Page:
By Robert F. Dorr
The Boeing X-47B Unmanned Combat Air System demonstrator (UCAS-D) made a catapult launch from the aircraft carrier USS George H. W. Bush (CVN 77) on May 14 off the coast of Virginia. With no human on board, the X-47B executed several planned landing approaches to the carrier before landing at Patuxent River, Maryland, or “Pax,” after a 65-minute flight. On May 17, the X-47B made several touch-and-go landings on the same carrier. The X-47B was slated to make its first carrier landing this summer and will eventually be demonstrated receiving air-to-air refueling.
The shipboard operations confirmed the ability of X-47B operators to navigate the aircraft within the controlled airspace around a carrier at sea and to seamlessly pass control of the air vehicle from a “mission operator” aboard the carrier to one located in the Mission Test Control Center at Pax.
The subsonic, stealth X-47B is the demonstrator for the U.S. Navy’s program to develop an autonomous, unmanned, jet-powered combat aircraft capable for operating from a carrier. Powered by a Pratt & Whitney F100-220U turbofan engine. It’s almost a flying wing and is tailless, evoking the B-2 Spirit bomber from the same planemaker, Northrop Grumman.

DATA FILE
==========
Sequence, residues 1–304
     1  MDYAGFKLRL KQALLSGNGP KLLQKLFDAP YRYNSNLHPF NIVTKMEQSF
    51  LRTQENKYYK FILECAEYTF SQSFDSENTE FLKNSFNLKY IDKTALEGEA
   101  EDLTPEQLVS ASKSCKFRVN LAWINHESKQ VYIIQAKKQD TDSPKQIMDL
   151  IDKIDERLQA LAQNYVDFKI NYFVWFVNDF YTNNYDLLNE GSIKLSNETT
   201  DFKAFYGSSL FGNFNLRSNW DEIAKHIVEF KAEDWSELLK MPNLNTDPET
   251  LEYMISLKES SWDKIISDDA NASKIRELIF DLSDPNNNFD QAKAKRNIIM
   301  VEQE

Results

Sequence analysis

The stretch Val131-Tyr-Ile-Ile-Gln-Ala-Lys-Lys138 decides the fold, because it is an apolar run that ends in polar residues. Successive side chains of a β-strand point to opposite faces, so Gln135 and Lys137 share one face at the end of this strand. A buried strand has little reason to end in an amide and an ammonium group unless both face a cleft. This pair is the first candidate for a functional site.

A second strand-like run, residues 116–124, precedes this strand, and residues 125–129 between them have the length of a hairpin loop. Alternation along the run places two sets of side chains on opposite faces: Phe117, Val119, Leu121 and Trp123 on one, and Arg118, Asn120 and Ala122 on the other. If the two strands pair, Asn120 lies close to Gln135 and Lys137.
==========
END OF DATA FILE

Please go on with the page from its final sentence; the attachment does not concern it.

The program began with the smaller and differently shaped X-47A Pegasus proof-of-concept prototype with a 19-foot wingspan first flown on February 23, 2003, and discontinued three years later. The X-47B has a 62-foot wingspan. There are two X-47B vehicles, dubbed AV-1 and AV-2, assigned bureau numbers 168063 and 168064, first flown on February 4, 2011 and November 22, 2011, respectively. A larger version, the X-47C, with a 172-foot wingspan, is not currently funded.
The X-47B demonstrators are unarmed and only one is wired to receive air refueling. The Navy says a production version — an autonomous combat aircraft with no one on board — is slated to be operational in 2019 and will be able to carry ordnance in twin internal weapons bays with a 4,500-pound capacity. It’s unclear whether this schedule can survive Washington’s budget crisis.